ERIC Identifier: ED358747
Publication Date: 1990-10-00
Author: Rivera, Klaudia M.
Source: National Clearinghouse on Literacy Education Washington DC., Adjunct ERIC Clearinghouse on Literacy Education for Limited-English-Proficient Adults Washington DC.
Developing Native Language Literacy in Language Minority Adults. ERIC Digest.
Increasingly, adult education programs need to serve students whose native language is not English. Some of these students are already literate in their native language, and their only need is to learn both oral and written English as a second language (ESL). Others are not literate in their native language, and therefore may need to acquire literacy skills both in their mother tongue and in English. Research evidence suggests that first language literacy promotes second language acquisition, and that literacy skills in the native language are likely to transfer to the second language (Rivera, 1988).
COGNITIVE ASPECTS OF NATIVE LANGUAGE LITERACY
A fundamental assumption in the schooling of language minority children is that skills and knowledge learned in the native language transfer to English. This transfer is referred to as the cross-language transfer of skills and knowledge. Based on this assumption, Cummins (1983, 1986) has formulated two hypotheses pertinent to native language literacy.
First, the Interdependency Hypothesis states that "to the extent that instruction through a minority language is effective in developing academic proficiency in the minority language, transfer of this proficiency to the majority language will occur given adequate exposure and motivation to learn the majority language" (Cummins, 1986). In other words, language skills, once learned, transfer globally from one language to another. Second, the Common Underlying Proficiency Hypothesis holds that the development of first language reading skills provides a deep conceptual and linguistic proficiency that is strongly related to the development of literacy and general academic skills in the second language. This common underlying proficiency makes possible the transfer of cognitive and academic or literacy-related skills across languages (Cummins, 1983).
When adults are taught to read in the language they already know, they can use the linguistic strengths they bring into the program and draw upon the knowledge and skills they have acquired in their first language (Rivera, 1988). This approach is consonant with one of the underlying tenets of adult education: New skills and knowledge are best acquired when they build on the already existing knowledge and skills of the adult learner. Ovando and Collier (1985) state that even when two languages use different writing systems, readers are able to apply the visual, linguistic, and cognitive strategies they use in their first language to reading in the second language. Students transfer what they know about reading in one language to the other, and in so doing maximize the linguistic strengths they already possess.
SOCIOCULTURAL ASPECTS OF NATIVE LANGUAGE LITERACY
In addition to the cognitive and psycholinguistic tenets central to the native language literacy approach, there are social, cultural, and political concerns that argue for native language literacy development. According to Giroux's (1987) definition of literacy, to be literate is to be present and active in the struggle to reclaim one's voice and history, and to move into the future confidently. Language carries the conception of the world to the group that speaks it; language does not merely reflect reality but plays an active role in the construction of reality. The students' native languages should be actively incorporated in the educational process. The use of the native language allows learners to discuss their current life experiences using their own words. It also allows them to retain ties to their culture and past as, for example, when they write home to the people they have left behind.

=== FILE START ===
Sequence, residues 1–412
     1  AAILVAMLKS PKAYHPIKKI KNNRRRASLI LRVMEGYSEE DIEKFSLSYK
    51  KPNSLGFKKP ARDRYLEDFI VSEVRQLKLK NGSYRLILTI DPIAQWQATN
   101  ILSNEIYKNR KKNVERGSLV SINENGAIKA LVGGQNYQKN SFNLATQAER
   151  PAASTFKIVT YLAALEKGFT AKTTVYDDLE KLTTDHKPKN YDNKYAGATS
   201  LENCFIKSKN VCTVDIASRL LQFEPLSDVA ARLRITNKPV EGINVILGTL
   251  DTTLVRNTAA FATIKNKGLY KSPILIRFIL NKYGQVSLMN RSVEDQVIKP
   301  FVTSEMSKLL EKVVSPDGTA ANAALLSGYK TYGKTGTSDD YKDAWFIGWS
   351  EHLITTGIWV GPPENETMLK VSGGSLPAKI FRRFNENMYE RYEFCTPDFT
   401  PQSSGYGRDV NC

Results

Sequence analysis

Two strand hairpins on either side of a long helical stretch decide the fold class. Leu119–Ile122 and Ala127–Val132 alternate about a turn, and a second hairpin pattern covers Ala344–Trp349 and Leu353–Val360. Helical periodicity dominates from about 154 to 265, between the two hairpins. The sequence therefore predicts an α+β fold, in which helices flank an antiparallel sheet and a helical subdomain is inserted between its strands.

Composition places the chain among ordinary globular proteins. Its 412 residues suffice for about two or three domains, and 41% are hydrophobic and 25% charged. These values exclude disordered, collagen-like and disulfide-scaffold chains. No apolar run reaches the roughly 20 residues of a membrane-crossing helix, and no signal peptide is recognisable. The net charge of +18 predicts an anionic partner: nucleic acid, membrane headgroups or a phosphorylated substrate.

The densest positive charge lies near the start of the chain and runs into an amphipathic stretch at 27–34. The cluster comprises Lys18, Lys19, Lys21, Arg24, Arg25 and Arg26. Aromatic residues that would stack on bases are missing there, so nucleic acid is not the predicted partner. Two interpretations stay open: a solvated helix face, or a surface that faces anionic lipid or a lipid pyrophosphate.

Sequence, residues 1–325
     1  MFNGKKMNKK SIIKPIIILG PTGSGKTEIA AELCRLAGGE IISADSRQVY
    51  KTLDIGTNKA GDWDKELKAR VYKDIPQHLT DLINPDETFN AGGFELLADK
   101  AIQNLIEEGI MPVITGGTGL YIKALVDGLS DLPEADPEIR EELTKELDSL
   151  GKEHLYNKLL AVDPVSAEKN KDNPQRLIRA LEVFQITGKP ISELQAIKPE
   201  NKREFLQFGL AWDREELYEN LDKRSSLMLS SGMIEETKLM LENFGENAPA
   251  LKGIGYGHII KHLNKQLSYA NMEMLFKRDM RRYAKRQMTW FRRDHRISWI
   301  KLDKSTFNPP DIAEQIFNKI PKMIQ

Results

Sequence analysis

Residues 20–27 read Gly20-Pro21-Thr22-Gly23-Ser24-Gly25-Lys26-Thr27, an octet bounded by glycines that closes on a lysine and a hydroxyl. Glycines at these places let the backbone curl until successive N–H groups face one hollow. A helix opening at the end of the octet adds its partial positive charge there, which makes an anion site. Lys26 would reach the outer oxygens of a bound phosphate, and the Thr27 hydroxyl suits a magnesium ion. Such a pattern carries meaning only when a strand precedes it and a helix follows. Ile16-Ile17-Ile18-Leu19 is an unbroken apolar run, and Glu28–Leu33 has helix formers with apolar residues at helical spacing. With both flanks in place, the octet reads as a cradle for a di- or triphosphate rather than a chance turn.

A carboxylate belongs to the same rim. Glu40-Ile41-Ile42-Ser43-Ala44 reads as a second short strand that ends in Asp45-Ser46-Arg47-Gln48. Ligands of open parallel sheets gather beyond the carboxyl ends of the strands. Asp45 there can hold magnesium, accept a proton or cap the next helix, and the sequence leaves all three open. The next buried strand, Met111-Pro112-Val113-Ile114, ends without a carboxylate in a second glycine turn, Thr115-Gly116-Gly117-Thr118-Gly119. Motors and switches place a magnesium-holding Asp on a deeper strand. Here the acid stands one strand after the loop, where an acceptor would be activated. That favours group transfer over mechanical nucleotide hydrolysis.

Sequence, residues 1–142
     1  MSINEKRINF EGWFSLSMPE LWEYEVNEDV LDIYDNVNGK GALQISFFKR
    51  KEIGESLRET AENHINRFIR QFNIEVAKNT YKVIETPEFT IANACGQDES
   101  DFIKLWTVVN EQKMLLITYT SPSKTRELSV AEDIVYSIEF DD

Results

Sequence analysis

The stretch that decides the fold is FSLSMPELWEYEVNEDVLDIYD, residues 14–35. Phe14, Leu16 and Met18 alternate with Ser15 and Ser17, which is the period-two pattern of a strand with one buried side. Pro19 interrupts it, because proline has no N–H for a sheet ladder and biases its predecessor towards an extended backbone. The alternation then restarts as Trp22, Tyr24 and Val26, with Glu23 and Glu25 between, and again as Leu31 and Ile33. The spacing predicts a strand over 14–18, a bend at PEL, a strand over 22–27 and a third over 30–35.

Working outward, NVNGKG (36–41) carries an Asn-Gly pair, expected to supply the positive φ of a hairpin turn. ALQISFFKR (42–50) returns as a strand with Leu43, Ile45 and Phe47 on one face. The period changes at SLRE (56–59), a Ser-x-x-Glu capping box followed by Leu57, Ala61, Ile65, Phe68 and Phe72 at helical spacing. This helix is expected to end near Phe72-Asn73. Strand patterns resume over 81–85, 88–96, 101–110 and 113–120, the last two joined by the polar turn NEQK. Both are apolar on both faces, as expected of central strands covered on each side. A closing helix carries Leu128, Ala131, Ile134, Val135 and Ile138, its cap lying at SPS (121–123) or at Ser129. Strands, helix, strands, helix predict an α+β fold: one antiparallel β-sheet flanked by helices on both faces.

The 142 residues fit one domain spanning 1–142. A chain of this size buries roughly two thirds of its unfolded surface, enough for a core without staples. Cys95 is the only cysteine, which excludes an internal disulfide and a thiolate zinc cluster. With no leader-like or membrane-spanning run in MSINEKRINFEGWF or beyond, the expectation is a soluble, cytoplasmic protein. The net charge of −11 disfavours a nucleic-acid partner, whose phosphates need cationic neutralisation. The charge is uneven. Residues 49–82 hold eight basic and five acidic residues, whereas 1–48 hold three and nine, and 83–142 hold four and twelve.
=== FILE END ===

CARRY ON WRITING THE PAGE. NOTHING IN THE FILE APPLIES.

INSTRUCTIONAL DELIVERY MODELS FOR INITIAL LITERACY
The most commonly followed model in adult education for language minority groups in the United States focuses on ESL, with little or no development of non-English mother tongues. These programs may include adults who have completed little formal education in their native language as well as adults who can read and write in their own languages.
Some programs are not able to offer native language literacy instruction because the students speak a number of native languages, making it economically unfeasible to offer literacy classes in each non-English native language. In other cases, programs do not see the immediate benefits of devoting time to instruction in the first language because they do not perceive literacy in the native language as a viable solution for students' survival while in the United States. They may see the acquisition of spoken English proficiency as the sole factor to have immediate social and economic benefits in the community, regardless of literacy ability in either language.
While they may not teach in the native languages of their students, some ESL literacy programs employ bilingual (or multilingual) personnel in a variety of capacities, including in-take counselors and teachers' aides. Bilingual personnel--who are frequently members of the same national, ethnic, or linguistic groups as the students--may help ESL teachers in and out of the classroom as translators, tutors of individuals and small groups, and sources of cultural information for teachers to incorporate into ESL literacy lessons.
Programs that provide native language literacy instruction differ in their structure and design. To varying extents, different program designs reflect learner preferences, political beliefs, various theories about literacy acquisition, and pragmatic concerns such as the existence of a written alphabet for the native language, and the availability of instructional materials, trained teachers, and program funding.